Linked Data Reconciliation in GraphDB

Using DBpedia to Enhance your Data in GraphDB

Following my article on Transforming Tabular Data into Linked Data using OntoRefine in GraphDB, the founder of Ontotext (Atanas Kiryakov) suggested I write a further tutorial using GraphDB for data reconciliation.

In this tutorial we will begin with a .csv of car manufacturers and enhance this with DBpedia. This .csv can be downloaded from here if you want to follow along.

Contents

Setting Up
Constructing the Graph
Reconciling your Data
Exploring the New Graph
Conclusion

Setting Up

First things first, we need to load our tabular data into OntoRefine in GraphDB. Head to the import tab, select “Tabular (OntoRefine)” and upload cars.csv if you are following along.

Click “Next” to start creating the project.

On this screen you need to untick “Parse next 1 line(s) as column headers” as this .csv does not have a header row. Rename the project in the top right corner and click “Create Project”.

You should now have this screen (above) showing one column of car manufacturer names. The column has a space in it which is annoying when running SPARQL queries across so lets rename it.

Click the little arrow next to “Column 1”, open “Edit Column” and then click “Rename this Column”. I called it “carNames” and will use this in the queries below so remember if you name it something different.

If you ever make a mistake, remember there is and undo/redo tab.

Constructing the Graph

In the top right of the interface there is an orange button titled “SPARQL”. Click this to open the SPARQL interface from which you can query your tabular data.

In the above screenshot I have run the query we want. I have have pasted it here so you can see it all and I go through it in detail below.

PREFIX rdf: <http://www.w3.org/1999/02/22-rdf-syntax-ns#>
PREFIX rdfs: <http://www.w3.org/2000/01/rdf-schema#>
PREFIX dbo: <http://dbpedia.org/ontology/>
PREFIX dbp: <http://dbpedia.org/property/>
CONSTRUCT {
?car rdfs:label ?taggedname ;
rdf:type dbo:Company ;
dbo:location ?location .

?location rdf:type dbo:Country ;
rdfs:label ?lname ;
dbp:populationCensus ?pop .
} WHERE {
?c <urn:col:carNames> ?cname .

BIND(STRLANG(?cname, "en") AS ?taggedname)

SERVICE <https://dbpedia.org/sparql> {

?car rdfs:label ?taggedname ;
dbo:location | dbo:locationCountry ?location .

?location rdf:type dbo:Country ;
rdfs:label ?lname ;
dbp:populationCensus | dbo:populationTotal ?pop .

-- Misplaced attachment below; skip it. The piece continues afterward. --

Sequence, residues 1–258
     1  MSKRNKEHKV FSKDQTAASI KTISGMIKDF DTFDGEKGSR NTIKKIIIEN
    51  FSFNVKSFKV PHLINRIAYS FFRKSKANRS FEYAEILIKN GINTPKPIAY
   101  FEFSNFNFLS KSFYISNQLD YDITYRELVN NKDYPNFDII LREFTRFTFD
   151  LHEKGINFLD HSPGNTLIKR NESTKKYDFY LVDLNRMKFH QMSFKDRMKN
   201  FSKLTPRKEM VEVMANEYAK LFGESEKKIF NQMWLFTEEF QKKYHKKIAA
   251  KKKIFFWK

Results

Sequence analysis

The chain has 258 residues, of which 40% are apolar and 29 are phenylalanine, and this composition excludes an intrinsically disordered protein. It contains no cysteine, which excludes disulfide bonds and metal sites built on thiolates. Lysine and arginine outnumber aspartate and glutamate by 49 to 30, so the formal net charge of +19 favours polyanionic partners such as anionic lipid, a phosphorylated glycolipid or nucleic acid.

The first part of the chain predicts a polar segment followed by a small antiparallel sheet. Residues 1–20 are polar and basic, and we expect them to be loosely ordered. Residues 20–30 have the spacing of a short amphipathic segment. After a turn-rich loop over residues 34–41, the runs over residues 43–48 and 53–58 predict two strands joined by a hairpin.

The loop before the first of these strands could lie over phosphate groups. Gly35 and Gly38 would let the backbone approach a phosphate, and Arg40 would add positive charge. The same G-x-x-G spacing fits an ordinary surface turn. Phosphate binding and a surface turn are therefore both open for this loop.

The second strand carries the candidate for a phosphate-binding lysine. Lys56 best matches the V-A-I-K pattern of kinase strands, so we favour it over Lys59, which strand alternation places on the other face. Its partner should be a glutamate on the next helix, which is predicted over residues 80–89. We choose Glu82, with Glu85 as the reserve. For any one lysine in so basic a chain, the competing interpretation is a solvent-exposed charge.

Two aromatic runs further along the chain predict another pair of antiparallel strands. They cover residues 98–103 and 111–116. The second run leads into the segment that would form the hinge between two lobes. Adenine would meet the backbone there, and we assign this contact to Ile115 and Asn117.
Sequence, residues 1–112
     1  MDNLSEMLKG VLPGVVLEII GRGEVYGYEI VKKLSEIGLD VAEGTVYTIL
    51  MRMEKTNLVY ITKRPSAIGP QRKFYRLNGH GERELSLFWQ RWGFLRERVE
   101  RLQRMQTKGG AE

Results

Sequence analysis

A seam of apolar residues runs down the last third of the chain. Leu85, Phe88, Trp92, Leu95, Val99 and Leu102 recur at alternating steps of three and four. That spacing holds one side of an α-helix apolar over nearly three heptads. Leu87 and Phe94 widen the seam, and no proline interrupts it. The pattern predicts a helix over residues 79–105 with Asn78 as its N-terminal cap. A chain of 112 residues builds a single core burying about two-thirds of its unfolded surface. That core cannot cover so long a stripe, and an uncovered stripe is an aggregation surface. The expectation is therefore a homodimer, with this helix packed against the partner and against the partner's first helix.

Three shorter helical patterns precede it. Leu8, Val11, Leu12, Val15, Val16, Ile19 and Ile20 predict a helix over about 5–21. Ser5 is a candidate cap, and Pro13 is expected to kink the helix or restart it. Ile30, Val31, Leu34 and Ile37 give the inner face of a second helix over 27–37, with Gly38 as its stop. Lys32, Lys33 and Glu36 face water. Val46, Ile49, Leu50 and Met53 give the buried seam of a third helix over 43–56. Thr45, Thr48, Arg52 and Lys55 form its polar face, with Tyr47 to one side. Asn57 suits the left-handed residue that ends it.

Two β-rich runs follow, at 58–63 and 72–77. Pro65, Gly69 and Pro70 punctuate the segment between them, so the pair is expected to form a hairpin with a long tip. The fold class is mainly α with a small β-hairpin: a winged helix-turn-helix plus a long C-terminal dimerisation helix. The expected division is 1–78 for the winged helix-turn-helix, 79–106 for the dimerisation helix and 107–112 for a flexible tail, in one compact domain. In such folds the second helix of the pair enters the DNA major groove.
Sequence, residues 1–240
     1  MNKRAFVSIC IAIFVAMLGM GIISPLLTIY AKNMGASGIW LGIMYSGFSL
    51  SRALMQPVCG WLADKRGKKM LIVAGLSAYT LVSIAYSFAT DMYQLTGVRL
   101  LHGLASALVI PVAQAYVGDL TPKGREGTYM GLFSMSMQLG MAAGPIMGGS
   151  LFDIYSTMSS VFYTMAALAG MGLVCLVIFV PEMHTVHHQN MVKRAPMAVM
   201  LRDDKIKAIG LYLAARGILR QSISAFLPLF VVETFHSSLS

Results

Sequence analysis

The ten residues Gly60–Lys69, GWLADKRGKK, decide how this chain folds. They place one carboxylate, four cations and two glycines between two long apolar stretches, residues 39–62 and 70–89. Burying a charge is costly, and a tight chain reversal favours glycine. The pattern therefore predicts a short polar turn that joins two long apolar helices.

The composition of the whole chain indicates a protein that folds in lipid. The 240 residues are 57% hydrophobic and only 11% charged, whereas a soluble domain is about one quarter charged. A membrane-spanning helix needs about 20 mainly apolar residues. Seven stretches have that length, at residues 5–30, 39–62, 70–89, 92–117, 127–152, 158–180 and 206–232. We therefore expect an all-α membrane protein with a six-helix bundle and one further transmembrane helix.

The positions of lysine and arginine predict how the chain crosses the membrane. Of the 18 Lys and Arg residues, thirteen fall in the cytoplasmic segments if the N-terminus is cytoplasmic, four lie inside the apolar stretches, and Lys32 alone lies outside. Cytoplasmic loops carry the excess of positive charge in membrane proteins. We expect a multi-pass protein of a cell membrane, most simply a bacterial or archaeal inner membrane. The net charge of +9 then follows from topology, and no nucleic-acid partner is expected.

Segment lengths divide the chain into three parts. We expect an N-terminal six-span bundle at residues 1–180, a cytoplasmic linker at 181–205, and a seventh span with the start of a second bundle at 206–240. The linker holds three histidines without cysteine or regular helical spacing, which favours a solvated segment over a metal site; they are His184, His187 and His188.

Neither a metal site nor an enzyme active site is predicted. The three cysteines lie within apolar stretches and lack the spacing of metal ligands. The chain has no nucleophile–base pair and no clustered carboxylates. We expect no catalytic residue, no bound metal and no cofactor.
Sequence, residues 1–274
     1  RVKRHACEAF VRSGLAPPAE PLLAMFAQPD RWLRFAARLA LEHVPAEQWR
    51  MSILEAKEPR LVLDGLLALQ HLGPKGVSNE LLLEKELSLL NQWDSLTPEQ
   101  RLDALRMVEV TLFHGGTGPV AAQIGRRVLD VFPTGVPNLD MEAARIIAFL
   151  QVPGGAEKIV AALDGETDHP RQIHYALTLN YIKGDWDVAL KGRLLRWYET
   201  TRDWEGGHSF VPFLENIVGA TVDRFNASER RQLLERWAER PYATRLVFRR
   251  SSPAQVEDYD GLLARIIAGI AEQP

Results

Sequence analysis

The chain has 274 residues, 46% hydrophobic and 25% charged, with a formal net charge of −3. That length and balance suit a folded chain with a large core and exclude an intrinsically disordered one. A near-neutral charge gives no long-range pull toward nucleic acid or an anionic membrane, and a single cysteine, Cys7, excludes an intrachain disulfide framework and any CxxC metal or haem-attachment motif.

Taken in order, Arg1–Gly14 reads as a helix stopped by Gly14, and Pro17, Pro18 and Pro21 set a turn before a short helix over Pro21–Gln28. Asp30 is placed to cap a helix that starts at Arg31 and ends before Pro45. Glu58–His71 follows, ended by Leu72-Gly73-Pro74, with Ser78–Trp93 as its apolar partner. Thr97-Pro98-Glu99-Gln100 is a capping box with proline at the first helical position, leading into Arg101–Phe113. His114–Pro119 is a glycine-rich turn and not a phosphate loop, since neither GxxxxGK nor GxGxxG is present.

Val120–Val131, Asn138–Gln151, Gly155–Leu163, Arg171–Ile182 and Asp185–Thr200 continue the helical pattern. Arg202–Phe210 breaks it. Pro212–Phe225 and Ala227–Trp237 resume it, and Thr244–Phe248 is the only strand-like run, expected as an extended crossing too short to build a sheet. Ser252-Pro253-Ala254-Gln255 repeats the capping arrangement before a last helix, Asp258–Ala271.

FILTER (LANG(?lname) = "en")
}
}

If you are unfamiliar with SPARQL queries then I recommend reading one of my previous articles before reading on.

I start this query by defining my prefixes as usual. I am wanting to construct a graph around these car manufacturers so I design that in my CONSTRUCT clause. I am building a fairly simple graph for this tutorial so lets just run through it very quickly.

I want to have entities representing car manufacturers that have a type, label and location. This location is the headquarters of the car manufacturer. In most cases, all entities should have both a type and a human-readable label so I have ensured this here.

Each location is also an entity with an attached type, label and population.

Unlike my superhero tutorial, the .csv only contains the car company names and not all the data we want in our graph. We therefore need to reconcile our data with information in an open linked dataset. In this tutorial we will use DBpedia, the linked data representation of Wikipedia.

To get the information needed to build the graph declared in our CONSTRUCT we first grab all the names in our .csv and assign them to the variable ?cname. String literals must be language tagged to reconcile with the data in DBpedia so I BIND the English language tag “en” to each string literal. This explanation is what the lines below do:

If you didn’t name the column “carNames” above, you will have to modify the <urn:col:carNames> predicate here.
  ?c <urn:col:carNames> ?cname .

BIND(STRLANG(?cname, "en") AS ?taggedname)

Following this we use the SERVICE tag to send the query to DBpedia (this is called a federated query). We find every entity with the label matching our language tagged strings from the original .csv.

Once I have those entities, I need to find their locations. DBpedia is a very messy dataset so we have to use an alternative path in the query (represented by the “pipe” | symbol). This finds locations connected by any of the alternate paths given (in this case dbo:location and dbo:locationCountry) and assigns them to the variable ?location.

That explanation is referring to these lines:

    ?car rdfs:label ?taggedname ;
dbo:location | dbo:locationCountry ?location .